30 May 2012
Efforts to reverse the debilitating effects of Multiple Sclerosis (MS) by an international team of scientists have been recognised with more than A$6.6 million in research funding.
Coinciding with World MS Day, Federal Minister for Health the Honourable Tanya Plibersek today announced A$1.75 million in National Health and Medical Research Council (NHMRC) funding for the Australian arm of the research to be led by Monash University's Professor Claude Bernard.
A leading cause of disability, MS attacks myelin, the protective coating around nerves, resulting in the progressive and unpredictable loss of abilities such as motor skills, vision and memory. Based on promising preliminary studies, the new project aims to develop a stem cell-based therapy to halt the destruction of myelin and stimulate myelin growth. In the long-term, this approach could lead to new therapies.
Professor Bernard's team at the Monash Immunology and Stem Cell Laboratories (MISCL) will work with scientists from CSIRO Materials Science and Engineering led by Drs Andrew Laslett and Carmel O'Brien. Project partners in the US, The Universities of California, Irvine and San Diego and the Scripps Research Institute were funded with A$4.87 million from the California Institute for Regenerative Medicine.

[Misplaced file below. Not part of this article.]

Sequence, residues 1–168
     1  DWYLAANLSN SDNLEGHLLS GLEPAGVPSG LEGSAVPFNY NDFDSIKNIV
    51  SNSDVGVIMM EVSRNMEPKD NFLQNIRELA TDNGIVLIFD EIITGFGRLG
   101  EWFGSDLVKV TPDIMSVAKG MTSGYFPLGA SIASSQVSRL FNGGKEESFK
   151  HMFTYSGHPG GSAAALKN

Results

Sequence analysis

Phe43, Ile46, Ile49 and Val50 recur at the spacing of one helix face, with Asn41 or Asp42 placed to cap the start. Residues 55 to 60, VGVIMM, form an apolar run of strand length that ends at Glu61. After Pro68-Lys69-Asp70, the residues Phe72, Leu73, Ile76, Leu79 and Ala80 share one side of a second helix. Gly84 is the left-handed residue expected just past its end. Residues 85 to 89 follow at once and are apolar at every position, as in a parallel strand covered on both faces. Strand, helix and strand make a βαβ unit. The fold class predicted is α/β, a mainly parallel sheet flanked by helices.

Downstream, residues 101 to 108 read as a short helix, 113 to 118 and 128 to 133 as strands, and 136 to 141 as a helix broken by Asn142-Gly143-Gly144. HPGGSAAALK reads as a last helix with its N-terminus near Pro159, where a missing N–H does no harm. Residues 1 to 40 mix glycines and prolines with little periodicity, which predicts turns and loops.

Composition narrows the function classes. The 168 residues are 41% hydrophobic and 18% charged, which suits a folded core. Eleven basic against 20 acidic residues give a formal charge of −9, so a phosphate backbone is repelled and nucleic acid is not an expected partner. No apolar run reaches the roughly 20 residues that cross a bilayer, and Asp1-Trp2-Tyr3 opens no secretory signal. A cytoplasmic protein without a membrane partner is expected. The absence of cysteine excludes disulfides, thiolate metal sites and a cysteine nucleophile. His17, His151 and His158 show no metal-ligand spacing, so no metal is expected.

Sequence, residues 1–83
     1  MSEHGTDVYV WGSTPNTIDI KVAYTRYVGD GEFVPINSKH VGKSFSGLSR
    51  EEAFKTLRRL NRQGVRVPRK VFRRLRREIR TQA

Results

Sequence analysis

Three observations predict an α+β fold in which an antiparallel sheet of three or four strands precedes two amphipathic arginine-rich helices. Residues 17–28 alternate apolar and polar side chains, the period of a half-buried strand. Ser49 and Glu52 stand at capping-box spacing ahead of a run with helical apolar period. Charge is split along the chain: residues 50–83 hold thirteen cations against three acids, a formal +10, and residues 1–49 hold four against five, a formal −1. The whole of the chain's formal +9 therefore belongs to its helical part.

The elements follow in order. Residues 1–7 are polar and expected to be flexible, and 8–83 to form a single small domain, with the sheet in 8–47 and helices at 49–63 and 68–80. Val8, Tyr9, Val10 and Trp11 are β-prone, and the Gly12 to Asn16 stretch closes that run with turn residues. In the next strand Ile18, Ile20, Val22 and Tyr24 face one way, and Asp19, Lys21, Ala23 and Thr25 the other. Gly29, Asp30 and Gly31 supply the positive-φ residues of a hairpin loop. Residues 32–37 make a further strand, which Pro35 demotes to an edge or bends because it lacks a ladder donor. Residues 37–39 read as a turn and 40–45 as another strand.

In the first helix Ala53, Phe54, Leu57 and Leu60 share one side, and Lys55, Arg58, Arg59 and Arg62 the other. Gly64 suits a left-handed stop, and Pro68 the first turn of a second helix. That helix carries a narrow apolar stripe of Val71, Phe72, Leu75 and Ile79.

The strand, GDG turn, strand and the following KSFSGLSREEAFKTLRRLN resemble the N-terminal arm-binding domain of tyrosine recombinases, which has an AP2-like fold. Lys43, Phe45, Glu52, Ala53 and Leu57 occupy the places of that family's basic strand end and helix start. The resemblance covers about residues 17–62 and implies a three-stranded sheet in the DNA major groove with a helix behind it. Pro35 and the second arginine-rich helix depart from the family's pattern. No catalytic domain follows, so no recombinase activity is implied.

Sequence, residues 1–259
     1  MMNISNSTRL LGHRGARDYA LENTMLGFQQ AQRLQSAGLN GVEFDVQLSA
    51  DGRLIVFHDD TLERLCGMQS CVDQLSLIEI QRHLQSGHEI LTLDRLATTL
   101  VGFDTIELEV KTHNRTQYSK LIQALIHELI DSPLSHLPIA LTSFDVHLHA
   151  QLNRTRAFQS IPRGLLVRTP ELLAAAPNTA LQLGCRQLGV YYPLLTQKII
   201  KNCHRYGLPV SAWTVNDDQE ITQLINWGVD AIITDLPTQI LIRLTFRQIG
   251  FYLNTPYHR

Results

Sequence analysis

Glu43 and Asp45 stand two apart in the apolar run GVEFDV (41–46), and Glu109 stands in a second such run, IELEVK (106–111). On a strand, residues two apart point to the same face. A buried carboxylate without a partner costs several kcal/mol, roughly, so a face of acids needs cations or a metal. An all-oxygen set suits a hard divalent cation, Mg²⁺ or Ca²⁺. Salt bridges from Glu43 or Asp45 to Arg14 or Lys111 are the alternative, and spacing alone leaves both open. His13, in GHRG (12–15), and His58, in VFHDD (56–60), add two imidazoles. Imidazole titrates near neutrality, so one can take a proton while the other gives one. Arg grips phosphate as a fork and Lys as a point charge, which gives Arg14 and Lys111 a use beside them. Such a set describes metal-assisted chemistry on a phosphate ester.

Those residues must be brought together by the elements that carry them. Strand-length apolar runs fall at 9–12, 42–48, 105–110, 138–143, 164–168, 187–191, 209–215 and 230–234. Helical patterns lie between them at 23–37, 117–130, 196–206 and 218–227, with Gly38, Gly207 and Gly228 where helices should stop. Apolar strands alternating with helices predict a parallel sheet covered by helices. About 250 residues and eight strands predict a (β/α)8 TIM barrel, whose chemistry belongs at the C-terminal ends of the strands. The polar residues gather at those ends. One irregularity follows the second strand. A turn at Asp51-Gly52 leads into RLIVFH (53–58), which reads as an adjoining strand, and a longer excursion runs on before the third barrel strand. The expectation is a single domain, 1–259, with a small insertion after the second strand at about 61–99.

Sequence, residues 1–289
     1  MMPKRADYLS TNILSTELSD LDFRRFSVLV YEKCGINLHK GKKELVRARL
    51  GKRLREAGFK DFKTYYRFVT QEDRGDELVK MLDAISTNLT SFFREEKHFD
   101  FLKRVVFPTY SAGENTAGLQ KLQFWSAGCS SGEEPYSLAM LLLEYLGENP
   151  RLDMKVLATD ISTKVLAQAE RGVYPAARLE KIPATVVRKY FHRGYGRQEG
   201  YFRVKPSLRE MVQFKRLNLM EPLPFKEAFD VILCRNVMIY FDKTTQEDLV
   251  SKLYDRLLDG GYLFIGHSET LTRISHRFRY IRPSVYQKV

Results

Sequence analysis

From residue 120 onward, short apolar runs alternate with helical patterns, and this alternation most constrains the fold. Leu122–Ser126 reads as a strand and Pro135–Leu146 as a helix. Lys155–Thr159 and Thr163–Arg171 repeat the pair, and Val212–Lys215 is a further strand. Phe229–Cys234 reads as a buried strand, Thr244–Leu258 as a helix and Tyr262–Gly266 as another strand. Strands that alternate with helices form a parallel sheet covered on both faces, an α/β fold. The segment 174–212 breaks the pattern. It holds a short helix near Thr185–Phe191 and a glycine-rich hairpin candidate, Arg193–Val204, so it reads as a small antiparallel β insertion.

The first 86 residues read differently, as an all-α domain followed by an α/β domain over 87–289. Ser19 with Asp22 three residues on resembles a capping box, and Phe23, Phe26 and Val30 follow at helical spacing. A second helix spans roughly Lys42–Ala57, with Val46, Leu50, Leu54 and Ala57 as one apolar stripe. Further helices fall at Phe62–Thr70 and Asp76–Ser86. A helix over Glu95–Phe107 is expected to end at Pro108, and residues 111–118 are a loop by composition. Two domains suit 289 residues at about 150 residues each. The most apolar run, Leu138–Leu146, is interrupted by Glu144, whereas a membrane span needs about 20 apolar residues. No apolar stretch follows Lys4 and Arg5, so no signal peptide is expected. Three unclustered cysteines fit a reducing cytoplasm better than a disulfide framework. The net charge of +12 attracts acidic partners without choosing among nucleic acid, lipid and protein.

Professor Bernard said the project offered hope for MS patients with the most severe form of the disease for which there was no effective treatment.
"This research is particularly important as it may bring us a step closer to the development of novel treatments for MS patients with severe disease," Professor Bernard said.
"I am sure that like us, the MS community both here in Australia and overseas will be most thankful to the NHMRC for their commitment to relieve the suffering associated with such a severely debilitating and degenerative disease."
Dr Laslett said the Australian and US researchers had complementary expertise in stem cells and MS research.
"Collectively, the team plans to coax stem cells into a promising cell type, human neural precursor cells, and assess the ability of these cells to slow, arrest or even reverse the clinical manifestations of MS progression," Dr Laslett said.
MS Australia estimated that 21,000 Australians, and 2.5 million people worldwide have MS.